Slow Dyeing

I discovered in my dyeing research adventures, that using a slow cooker is a legit way to dye yarn, more specifically, wools and what not, as they need the heat source to set the dye.

Much to my delight, when a neighbor was having a clean out, I managed to grab a bag of yarn! And it was all white and natural colours! Perfect for dyeing!

Inside the bag was 7 and a bit balls of 4ply nylon/acrylic blend (all white) and 8 balls of cotton (half white, half natural). I was happy to find out that my “Landscape” dye would work on the nylon/acrylic blend! This presented the perfect opportunity to try out “Slow Dyed Yarn”

I picked myself up a cheap slow cooker, and set up a “Dye Studio” in the laundry. Some plastic table protector helps keep the washing machine and bench tops clean. The slow cooker sits nicely on top of the washing machine, whilst I have supplies and running water close at hand! (I’ve even cleared a shelf off to store stuff, so it has turned into quite the studio space, but shhhh told tell the housemates!)

Welcome to the Dye Studio!

To dye the yarn, I first skein it. I use a niddy noddy to wrap the yarn around, then some cotton string to tie it together in (at least) four places.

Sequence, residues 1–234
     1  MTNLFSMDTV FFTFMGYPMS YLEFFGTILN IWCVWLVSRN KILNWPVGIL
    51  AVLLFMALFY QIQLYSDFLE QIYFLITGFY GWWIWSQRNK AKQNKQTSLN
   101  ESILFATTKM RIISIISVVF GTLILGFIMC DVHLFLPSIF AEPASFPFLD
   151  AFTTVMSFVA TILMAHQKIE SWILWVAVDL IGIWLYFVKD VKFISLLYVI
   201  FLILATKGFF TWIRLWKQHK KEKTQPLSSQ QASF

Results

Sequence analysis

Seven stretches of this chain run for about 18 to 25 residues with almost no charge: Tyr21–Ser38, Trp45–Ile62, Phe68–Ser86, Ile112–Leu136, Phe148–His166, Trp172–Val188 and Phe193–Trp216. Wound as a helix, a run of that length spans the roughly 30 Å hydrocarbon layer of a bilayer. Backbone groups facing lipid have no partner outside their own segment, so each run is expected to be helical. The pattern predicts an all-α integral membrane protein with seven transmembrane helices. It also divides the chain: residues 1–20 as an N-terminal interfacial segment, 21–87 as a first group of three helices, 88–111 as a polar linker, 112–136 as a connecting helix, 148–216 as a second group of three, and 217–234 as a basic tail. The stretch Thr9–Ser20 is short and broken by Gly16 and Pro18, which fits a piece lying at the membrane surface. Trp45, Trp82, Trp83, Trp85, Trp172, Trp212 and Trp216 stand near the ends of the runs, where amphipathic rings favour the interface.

After that I soak it in a vinegar/water solution for half an hour, then gently squeeze out excess fluid, but leaving it fairly wet.

Whilst it is soaking I mixed the dyes. I have “Landscape Dyes” suitable for dyeing wool, silk and nylon.

Lay it in the slow cooker. I manage to get two skeins in at once.

Now apply dye as you wish. I’ve tried laying it on in stripes so far, but its open to a whole world of exploring!

Make sure you get dye right through the layers, as you might end up with patches that don’t come into contact with the dye and get patchy bits. This could be fun to experiment with too though! A gentle squeeze will also help get the dye through the layers, but be careful as this could result in colour mixing (something else to explore!)

Turn the slow cooker on high, place the lid on and let it do its thing. I have left it in for 3 hours whilst I do other stuff. The water should be fairly clear. Then I turn it off, Take the lid off and let it cool. Then rinse out until the water runs clear. If your dyeing wool you’ll need to be extra careful to keep everything a similar temperature to avoid felting, but I didn’t need to worry about that with this yarn! Once rinsed, its time to let the yarn dry. Squeeze it between a towel to get excess water off, then hang on a coat hanger to dry. I tend to hang a coat hanger with a towel on it to catch any drips. This is a habit I picked up from washing handspun, as it helps set the twist, but it works to keep things clean too.

Once dry, you can ball it up on a ball winder, ready to use! And its happy creating time!

And whilst I was doing all that, I was also dyeing up a storm using Drimarene K dyes on canvas shoes and the cotton yarn! Stay tuned to see how they came out!



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